I went to a Red Sox game a couple of weeks ago for the first time in more than a year. Fenway Park recently reopened its stadium to fans but was selling tickets to partial capacity at the time.
Before we were let into the park, there was an additional checkpoint. As we inched forward to the front of the line, a man from Fenway security stopped us and asked, “COVID?” We responded, “Uh, no.” Then he promptly waved us through.
There was something comical and somewhat tragic in his one-word interrogation. It wasn’t even a full sentence — or even the full name of the disease that’s plagued the world for the last year and half. He didn’t ask if we had the virus, were recently tested, recently exposed or showing symptoms. No. Just the one word “COVID” with a slight lilt in his voice to indicate a question.
We entered the park laughing at the absurdity of this added safety measure that was little more than a formality. How many fans were stumped by such an interrogation? Did anyone actually reach this checkpoint and say, “Darn. I’ve been discovered,” then turn and go home?
This one-word question was comical to me in part because it was such a contrast to the university where I recently graduated that required weekly testing and daily symptom reporting from students. In just a few short weeks, the world seemed drastically different — as if we finally shed this “new normal” we’ve all been talking about to welcome back an “old normal,” embracing a post-pandemic world that looks largely identical to a pre-pandemic world.
Overwhelmed by our ‘new normal’
As life gets back to “normal,” I’m grateful for vaccines and celebrate our renewed ability to go to baseball games, reunite with distanced loved ones and rediscover the beauty of what it means to have physical community and connections once again. However, I fear the cultural attempt to erase everything we endured and witnessed in this last year and a half.
“I fear the cultural attempt to erase everything we endured and witnessed in this last year and a half.”
Since COVID-19 reached the United States, many people started moving through life with a tense anxiety of contracting the virus. Safety precautions to prevent the spread of COVID-19 dictated every aspect of our lives as we felt the daily stress of avoiding contact with the virus. This instilled in people an unnatural fear of being in close proximity with other fellow humans.
I noticed this when I recently attended a small wedding. Although I loved being reunited with folks I hadn’t seen since before the pandemic, I found myself a bit overwhelmed by the all the people, sounds and small talk I hadn’t experienced in more than a year. I know other guests had similar reactions and felt exceedingly tired after the event.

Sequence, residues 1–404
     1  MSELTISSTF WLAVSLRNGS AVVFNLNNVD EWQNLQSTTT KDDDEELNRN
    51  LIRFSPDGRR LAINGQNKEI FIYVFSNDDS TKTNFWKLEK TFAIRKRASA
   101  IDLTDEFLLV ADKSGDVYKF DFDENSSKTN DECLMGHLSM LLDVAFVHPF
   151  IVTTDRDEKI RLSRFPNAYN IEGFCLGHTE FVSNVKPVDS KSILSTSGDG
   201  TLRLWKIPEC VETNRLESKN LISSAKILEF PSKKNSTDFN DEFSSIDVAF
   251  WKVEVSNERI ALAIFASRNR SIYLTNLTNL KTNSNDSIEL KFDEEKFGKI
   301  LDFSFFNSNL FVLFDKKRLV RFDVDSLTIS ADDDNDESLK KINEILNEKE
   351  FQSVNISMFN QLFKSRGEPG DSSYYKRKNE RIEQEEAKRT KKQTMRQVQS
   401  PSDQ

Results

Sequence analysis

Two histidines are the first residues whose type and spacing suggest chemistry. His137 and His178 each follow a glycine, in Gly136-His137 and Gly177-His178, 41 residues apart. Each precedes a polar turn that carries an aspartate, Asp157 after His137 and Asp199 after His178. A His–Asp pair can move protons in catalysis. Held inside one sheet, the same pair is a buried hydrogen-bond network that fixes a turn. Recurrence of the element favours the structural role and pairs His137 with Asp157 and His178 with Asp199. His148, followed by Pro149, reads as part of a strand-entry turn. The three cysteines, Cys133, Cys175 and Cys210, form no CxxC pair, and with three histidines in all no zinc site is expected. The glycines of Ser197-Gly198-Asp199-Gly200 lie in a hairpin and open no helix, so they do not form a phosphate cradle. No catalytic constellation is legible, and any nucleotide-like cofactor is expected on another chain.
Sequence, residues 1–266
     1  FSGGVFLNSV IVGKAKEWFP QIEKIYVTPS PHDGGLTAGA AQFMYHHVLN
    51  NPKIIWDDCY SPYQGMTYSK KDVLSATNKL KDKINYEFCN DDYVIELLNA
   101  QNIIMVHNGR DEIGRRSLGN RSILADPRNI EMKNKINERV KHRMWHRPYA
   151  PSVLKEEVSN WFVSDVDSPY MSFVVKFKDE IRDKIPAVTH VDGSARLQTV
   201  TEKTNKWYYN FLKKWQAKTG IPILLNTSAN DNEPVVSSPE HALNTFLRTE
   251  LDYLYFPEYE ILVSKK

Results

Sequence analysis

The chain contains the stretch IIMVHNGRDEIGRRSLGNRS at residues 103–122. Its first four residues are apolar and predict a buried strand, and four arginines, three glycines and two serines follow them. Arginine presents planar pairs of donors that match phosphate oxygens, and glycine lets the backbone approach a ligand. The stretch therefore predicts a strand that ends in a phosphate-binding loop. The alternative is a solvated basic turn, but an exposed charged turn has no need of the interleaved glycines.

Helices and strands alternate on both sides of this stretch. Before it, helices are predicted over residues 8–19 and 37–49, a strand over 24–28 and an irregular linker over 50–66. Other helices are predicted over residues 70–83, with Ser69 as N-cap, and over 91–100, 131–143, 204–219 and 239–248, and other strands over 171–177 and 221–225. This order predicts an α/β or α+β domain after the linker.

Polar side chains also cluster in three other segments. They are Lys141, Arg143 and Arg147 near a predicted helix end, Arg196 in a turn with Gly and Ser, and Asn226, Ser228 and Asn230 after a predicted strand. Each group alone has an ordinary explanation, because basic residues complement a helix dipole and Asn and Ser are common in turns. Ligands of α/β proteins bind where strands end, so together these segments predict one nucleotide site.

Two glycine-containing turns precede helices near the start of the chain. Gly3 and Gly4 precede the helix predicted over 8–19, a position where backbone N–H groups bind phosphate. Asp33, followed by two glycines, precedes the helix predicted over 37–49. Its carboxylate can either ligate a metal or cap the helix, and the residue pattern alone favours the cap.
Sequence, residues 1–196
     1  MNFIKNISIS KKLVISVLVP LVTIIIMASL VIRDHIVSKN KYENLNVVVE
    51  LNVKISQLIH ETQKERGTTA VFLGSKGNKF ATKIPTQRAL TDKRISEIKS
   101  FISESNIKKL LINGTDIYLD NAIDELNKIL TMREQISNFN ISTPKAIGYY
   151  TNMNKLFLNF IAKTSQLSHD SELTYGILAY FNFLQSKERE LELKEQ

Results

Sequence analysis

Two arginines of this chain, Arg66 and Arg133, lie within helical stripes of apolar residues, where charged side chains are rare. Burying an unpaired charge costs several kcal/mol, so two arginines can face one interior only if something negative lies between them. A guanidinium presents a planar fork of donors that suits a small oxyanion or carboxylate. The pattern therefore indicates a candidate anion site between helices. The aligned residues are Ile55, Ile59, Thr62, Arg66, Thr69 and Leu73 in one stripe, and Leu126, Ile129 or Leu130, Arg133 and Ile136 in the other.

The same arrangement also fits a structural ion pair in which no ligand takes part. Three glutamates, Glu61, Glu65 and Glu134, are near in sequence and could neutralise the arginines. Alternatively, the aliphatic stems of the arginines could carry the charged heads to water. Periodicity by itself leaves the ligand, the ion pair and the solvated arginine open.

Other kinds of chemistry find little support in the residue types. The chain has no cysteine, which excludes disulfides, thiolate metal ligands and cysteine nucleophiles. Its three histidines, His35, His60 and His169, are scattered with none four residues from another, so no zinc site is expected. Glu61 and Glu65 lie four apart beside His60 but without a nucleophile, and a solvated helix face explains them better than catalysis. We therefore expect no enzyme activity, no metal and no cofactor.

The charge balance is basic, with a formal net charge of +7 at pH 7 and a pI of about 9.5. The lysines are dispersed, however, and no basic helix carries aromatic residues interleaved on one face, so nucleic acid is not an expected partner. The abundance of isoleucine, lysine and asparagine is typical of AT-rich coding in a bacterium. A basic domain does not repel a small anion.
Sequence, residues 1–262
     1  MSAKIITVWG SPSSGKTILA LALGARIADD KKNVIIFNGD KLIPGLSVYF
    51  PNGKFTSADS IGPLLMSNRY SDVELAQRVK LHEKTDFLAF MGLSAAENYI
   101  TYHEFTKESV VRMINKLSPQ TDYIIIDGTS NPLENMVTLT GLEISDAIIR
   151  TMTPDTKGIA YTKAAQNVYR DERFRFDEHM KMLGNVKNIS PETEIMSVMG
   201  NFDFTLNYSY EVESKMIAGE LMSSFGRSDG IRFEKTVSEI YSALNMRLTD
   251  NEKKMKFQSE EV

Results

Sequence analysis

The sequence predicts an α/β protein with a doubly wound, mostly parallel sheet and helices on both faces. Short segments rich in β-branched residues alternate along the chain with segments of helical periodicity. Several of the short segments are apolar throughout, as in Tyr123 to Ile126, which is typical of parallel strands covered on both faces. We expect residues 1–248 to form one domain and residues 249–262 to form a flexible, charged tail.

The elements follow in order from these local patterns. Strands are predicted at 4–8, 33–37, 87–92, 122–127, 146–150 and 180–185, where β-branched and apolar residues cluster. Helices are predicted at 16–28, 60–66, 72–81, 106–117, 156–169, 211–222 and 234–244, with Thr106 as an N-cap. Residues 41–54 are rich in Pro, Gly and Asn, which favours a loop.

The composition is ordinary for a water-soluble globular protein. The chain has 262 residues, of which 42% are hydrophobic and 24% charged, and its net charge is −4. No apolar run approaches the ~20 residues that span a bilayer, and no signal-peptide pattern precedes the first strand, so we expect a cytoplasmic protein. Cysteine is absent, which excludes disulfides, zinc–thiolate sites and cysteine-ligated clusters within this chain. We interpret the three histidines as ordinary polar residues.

As we slowly reemerge from the confines of our homes to rediscover the joys of life and in-person relationships, we might have to re-learn what it means to be in community. But practicing our social skills should not be the only thing on our minds as we enter a post-pandemic world.
Wounds and scars
Most of us enter into this time with personal connections both to people who survived the virus and other people who did not. More than 600,000 people in the United States have died from COVID-19. The number grows when it’s multiplied by the number of people who mourned these losses often from afar without goodbyes or the ability to properly grieve. In a different way, this lack of closure also is found in businesses, churches and schools that had to close their doors in a time when there could be no in-person final sale, dinner or goodbye party.
The immense loss and inability to mourn is palpable, and we know that these remnants of anxiety and grief do not merely disappear once the world reopens its doors. Rather, as we enter into this new time of partial liberation, we carry with us these wounds that have not been given the luxury to properly heal. Some of them are still gaping open, while others are uncomfortably glazed with thick layers of scar tissue.
“As we enter into this new time of partial liberation, we carry with us these wounds that have not been given the luxury to properly heal.”
In this time, I am reminded of Jesus’ resurrected body, which still bore the scars of crucifixion. We can learn something from the fact that Jesus did not return in his pre-crucified body. His body could not be the same one he had before the event of crucifixion. Rather, it showed evidence of the ordeal because his scars could not be erased.